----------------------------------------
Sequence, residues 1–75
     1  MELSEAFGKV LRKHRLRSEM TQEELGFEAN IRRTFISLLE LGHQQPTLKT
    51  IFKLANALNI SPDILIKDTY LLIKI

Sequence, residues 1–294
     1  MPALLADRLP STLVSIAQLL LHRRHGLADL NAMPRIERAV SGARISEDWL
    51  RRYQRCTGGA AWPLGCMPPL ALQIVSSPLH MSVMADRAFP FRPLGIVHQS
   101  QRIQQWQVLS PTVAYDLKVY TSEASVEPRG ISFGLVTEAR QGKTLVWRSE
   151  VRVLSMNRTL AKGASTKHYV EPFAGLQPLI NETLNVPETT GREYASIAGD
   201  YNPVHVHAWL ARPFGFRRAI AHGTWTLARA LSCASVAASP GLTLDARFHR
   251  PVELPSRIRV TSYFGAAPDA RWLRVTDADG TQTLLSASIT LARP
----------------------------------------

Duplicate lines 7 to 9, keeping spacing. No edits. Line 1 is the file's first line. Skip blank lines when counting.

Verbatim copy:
   101  QRIQQWQVLS PTVAYDLKVY TSEASVEPRG ISFGLVTEAR QGKTLVWRSE
   151  VRVLSMNRTL AKGASTKHYV EPFAGLQPLI NETLNVPETT GREYASIAGD
   201  YNPVHVHAWL ARPFGFRRAI AHGTWTLARA LSCASVAASP GLTLDARFHR